Learning Resource Topics Overview 1 Charge & Coulomb’s Law 2 Electric Current 3 Voltage 4 Resistance 5 Ohm’s Law 6 Power & Energy 7 Elements of Electric Circuits 8 Kirchhoff’s Law 9 Series Circuits 10 Parallel Circuits 11 Analysis of Combination Circuits 12 Capacitance 13 Inductance

# Charges and Electric Force

Although we regularly transfer charges between different parts of an electric circuit, we do nothing to change the total amount of charge. Clearly, we neither create nor destroy electrons or protons when operating electric circuits.

Moving charges represents an electric current. In a neutral state (zero charge), electrons will neither leave nor enter the neutrally charged body should it come in contact with other neutral bodies. If, however, any number of electrons is removed from the atoms of a body of matter, there will remain more protons than electrons and the whole body of matter will become electrically positive.

Should the positively charged body come in contact with another non-charged body, or having a negative charge, an electric current will flow between them. Electrons will leave the more negative body and enter the positive body. This electron flow will continue until both bodies have equal charges. When two bodies of matter have charges and are near one another, an electric force (F) is exerted between them.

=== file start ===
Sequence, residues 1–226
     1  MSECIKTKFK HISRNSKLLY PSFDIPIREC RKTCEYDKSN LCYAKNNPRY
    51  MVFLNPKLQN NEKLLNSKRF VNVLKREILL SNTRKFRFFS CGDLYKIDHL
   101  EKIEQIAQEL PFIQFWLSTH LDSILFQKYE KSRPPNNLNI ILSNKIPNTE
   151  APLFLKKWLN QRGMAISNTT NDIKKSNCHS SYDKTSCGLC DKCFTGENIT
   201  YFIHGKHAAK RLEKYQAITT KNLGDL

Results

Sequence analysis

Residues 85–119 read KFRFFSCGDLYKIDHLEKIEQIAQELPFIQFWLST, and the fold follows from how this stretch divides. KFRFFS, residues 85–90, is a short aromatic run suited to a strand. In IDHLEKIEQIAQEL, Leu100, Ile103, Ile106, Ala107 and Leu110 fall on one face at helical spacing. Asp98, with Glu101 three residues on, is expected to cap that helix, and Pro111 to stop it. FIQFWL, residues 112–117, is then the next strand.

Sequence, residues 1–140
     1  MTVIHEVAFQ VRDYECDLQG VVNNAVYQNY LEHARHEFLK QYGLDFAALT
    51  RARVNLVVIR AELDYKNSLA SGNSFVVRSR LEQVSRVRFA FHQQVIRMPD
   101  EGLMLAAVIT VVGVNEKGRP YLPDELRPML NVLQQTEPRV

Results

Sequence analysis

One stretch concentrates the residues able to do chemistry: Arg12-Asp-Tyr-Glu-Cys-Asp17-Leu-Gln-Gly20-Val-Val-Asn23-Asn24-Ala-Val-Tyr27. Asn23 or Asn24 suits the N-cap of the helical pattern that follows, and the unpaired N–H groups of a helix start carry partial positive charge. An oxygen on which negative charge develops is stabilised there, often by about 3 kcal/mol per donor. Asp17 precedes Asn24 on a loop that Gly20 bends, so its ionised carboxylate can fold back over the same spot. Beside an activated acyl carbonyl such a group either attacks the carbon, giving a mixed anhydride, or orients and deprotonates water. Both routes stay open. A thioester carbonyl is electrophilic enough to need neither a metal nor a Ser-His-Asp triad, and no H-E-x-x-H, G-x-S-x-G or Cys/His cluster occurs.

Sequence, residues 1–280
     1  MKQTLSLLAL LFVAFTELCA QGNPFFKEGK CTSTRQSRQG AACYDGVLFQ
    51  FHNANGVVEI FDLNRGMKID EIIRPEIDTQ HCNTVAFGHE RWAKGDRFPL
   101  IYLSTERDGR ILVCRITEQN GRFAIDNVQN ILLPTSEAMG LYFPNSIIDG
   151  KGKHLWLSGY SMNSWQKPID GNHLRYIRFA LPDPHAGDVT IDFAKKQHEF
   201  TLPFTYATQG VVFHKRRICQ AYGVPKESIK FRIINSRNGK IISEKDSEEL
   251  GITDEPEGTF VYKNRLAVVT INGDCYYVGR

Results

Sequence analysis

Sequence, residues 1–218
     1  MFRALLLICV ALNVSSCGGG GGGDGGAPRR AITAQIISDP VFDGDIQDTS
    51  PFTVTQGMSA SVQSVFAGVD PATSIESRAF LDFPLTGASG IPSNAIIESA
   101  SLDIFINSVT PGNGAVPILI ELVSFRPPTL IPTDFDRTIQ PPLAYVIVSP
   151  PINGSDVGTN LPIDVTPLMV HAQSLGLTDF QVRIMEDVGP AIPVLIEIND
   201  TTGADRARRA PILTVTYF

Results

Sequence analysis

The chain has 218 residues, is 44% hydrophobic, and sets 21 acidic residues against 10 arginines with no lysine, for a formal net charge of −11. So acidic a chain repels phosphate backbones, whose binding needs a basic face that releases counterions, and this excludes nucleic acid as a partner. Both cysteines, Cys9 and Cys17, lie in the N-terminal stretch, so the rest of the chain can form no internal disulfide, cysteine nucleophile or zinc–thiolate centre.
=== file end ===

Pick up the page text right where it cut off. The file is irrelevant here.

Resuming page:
The existence of such force, where current does not flow, is referred to as static. The force of attraction or repulsion (see Figure 1.1) exerted between two charged bodies is directly proportional to the product of their charges (Q) and inversely proportional to the square of the distance (d) between them.

This relationship between attracting or repelling charged bodies was first discovered by a French scientist named CHARLES A. COULOMB and accordingly is known as Coulomb’s Law, which can be expressed mathematically by the following equation

 (1.1)

where

F is a vector [Focus on Math] quantity, which represents the electrical force acting on charge Q2 due to charge Q1 measured in newtons (N)

â [Focus on Math] is a dimensionless unit vector with a unity magnitude pointing from charge Q1 to charge Q2, and

0 is a universal constant called the electrical permittivity of free space
[ 0 = 8.854 × 10-12 farad per meter (F/m)].

The two charges are assumed to be in free space (vacuum) and isolated from all other charges. Note: the arrows indicate the direction of the force vector F.

Figure 1.1 The force of attraction or repulsion

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